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A bipartisan bill introduced in Congress in January could help improve patient care while saving doctors time by allowing for electronic prior authorizations of Medicare Part D prescriptions.
A bipartisan bill introduced in Congress in January could help improve patient care while saving doctors time by allowing for electronic prior authorizations of Medicare Part D prescriptions. Passage of the bill also could have a ripple effect in speeding the use of electronic prior authorizations for non-Medicare prescriptions, observers say.
“The current prescription authorization process for Medicare enrollees can be lengthy, confusing and frustrating,” Rep. Ben Ray Lujan, a Democrat from New Mexico, told Medical Economics via a written statement. “But it is often even more cumbersome and frustrating for doctors and other providers, relying on outdated technology like faxed notifications in an age when many offices have evolved to digital/paperless record keeping,”
Lujan is a sponsor of the bill, the Standardizing Electronic Prior Authorization for Safe Prescribing Act of 2018 (H.R. 4841), which requires Medicare Part D plans to electronically transmit and receive prior authorization approvals for prescriptions.
Such electronic requests would be required beginning Jan. 1, 2020. It also calls on HHS to create standards for defining electronic transmissions of prior authorization requests.
Physicians and their staffs spend an average of 16.4 hours a week on prior authorizations of all kinds, according to a 2016 survey by the American Medical Association. In the same study, 75 percent of physicians answered “high or extremely high” when asked “How would you describe the burden associated with PA [prior authorization] for the physicians and staff in your practice?“
“There is a lot of prior authorization that is still occurring on paper,” notes Samantha Burch, senior director of congressional affairs with the Healthcare Information and Management Systems Society (HIMSS).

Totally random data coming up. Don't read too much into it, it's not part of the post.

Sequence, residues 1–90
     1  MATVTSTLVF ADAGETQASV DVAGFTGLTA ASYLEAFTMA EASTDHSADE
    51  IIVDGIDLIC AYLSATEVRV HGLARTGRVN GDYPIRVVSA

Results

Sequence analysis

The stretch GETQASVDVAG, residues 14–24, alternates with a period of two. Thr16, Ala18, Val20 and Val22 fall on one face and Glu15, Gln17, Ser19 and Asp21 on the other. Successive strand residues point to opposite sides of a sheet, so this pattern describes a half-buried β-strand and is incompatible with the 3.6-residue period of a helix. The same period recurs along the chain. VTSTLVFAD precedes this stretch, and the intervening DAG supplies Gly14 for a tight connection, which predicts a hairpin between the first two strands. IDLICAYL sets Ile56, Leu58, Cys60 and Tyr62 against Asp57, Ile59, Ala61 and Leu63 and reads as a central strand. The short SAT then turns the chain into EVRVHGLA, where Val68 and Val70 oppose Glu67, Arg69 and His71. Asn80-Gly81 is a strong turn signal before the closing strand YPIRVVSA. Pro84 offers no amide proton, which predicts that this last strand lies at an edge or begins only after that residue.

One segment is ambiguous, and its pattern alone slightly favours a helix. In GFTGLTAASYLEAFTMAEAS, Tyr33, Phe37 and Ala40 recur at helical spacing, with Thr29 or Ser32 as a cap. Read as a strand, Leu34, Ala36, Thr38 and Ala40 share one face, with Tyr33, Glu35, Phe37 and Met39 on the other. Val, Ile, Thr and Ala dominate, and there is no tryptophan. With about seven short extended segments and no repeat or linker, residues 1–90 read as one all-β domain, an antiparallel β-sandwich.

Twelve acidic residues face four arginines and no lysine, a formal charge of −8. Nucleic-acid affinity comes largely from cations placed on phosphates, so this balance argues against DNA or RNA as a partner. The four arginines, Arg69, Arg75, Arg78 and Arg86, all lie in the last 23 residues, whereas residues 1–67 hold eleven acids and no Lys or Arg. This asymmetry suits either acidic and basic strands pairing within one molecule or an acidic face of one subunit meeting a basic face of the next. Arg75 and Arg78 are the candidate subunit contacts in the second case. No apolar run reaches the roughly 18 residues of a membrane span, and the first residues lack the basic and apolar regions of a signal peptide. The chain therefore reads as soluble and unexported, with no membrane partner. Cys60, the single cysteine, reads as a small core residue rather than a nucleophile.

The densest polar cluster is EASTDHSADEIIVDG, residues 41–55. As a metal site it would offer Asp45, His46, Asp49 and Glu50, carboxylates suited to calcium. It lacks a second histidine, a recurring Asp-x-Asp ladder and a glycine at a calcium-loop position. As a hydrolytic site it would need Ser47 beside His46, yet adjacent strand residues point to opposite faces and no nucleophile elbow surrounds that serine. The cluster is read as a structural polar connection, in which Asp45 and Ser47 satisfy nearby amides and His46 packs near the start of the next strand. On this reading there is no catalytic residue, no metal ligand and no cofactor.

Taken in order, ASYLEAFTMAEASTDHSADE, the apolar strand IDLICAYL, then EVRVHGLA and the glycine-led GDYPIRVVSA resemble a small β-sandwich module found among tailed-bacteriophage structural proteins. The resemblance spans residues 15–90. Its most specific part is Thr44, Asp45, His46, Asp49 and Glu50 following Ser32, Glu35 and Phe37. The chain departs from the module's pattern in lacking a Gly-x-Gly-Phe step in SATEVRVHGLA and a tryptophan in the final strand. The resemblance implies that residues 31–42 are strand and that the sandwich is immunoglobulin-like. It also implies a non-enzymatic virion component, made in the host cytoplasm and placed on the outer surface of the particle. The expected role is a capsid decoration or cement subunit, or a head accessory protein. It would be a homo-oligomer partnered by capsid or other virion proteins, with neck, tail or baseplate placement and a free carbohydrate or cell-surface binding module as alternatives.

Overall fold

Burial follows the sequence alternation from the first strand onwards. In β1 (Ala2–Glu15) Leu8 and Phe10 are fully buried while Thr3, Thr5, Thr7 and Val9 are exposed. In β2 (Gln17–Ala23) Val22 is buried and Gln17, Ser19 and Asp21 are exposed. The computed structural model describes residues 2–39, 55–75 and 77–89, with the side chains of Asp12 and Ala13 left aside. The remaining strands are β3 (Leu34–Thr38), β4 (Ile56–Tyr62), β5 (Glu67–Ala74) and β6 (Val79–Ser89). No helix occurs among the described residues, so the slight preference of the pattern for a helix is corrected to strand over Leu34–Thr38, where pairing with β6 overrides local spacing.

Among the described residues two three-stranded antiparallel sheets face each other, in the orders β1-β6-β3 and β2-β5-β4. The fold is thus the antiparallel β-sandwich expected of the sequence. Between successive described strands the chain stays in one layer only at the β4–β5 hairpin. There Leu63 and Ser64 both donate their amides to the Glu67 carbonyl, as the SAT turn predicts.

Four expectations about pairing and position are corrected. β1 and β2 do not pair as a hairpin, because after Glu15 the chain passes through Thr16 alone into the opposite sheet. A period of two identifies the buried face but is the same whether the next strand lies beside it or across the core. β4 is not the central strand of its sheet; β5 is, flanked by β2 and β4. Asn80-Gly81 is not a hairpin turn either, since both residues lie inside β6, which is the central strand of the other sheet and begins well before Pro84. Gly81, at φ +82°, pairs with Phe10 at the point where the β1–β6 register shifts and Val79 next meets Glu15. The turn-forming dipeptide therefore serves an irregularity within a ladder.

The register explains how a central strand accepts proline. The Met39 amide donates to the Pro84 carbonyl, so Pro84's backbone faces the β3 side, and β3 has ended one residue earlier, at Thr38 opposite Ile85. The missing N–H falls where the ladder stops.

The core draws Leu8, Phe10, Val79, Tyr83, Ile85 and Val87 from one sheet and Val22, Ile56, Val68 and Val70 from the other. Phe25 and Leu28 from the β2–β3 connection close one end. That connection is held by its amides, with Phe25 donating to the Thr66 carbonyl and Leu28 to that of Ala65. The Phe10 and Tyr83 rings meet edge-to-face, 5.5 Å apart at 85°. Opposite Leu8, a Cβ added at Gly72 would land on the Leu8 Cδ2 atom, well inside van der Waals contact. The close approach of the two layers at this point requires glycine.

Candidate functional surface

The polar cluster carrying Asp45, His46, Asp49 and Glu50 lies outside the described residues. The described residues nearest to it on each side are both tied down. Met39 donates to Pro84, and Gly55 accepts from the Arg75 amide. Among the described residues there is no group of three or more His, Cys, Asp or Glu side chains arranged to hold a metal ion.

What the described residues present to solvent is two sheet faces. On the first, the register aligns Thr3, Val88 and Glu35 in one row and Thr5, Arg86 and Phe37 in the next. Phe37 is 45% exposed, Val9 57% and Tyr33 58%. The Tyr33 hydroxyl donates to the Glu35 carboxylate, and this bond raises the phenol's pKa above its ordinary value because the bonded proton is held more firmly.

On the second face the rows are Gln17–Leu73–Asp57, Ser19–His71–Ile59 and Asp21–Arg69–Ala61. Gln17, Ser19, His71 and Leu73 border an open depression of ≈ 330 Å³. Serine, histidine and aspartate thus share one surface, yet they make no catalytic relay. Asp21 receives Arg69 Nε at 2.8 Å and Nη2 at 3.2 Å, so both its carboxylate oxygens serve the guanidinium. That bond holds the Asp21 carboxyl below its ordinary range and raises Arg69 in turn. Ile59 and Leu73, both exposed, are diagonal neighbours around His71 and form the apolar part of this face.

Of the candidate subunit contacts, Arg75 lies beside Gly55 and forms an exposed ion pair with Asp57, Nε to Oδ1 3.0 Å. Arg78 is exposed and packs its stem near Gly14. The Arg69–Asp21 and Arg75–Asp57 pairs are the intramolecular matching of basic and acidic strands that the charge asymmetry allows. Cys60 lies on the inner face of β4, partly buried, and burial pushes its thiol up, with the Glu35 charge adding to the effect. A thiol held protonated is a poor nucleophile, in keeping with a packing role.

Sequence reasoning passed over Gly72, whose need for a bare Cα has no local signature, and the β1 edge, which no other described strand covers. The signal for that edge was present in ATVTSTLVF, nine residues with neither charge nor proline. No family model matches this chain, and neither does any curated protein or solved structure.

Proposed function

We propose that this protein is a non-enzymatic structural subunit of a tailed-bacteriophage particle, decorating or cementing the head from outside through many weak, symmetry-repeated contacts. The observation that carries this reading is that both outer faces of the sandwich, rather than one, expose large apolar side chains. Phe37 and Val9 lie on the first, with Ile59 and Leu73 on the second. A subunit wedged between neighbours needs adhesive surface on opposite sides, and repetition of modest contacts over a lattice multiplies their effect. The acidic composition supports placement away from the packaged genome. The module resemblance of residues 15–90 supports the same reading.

While HIMSS was still examining the specifics of the bill and had not taken a position on it at press time, it has generally supported electronic prior authorization in the past, Burch notes. “The issue of automation and reducing manual paper work is mutually beneficial” for doctors and patients, she says.
Steve Green, MD, chief medical officer at Sharp Rees-Stealy Medical Group in San Diego, and a board member of the American Medical Group Association, agrees that electronic prior authorization can improve patient care. With electronic authorization, a physician can know before a patient leaves his or her office whether that patient will be able to get coverage for a new drug.
If authorization is denied, the physician can then quickly prescribe an alternative, he explains. With paper-based authorization, a patient can leave and not know until they arrive at their pharmacy that the prescribed drug is not covered by their insurance plan. They may simply not fill the prescription at that point and their doctor may not know they are not taking the new medication until their next visit.
The requirement for HHS to establish standards could spur other insurance plans to move to electronic pre-authorizations. “In general, the trend is Medicare does something and not too long after that, the other plans start going along with that,” notes Green.
Given the bill’s bipartisan support in the House-it has two Democratic and two Republican cosponsors-it could see passage this session.
John Frank is a contributing author. Do you think the bill would ease the prior auth burden? Tell us at firstname.lastname@example.org.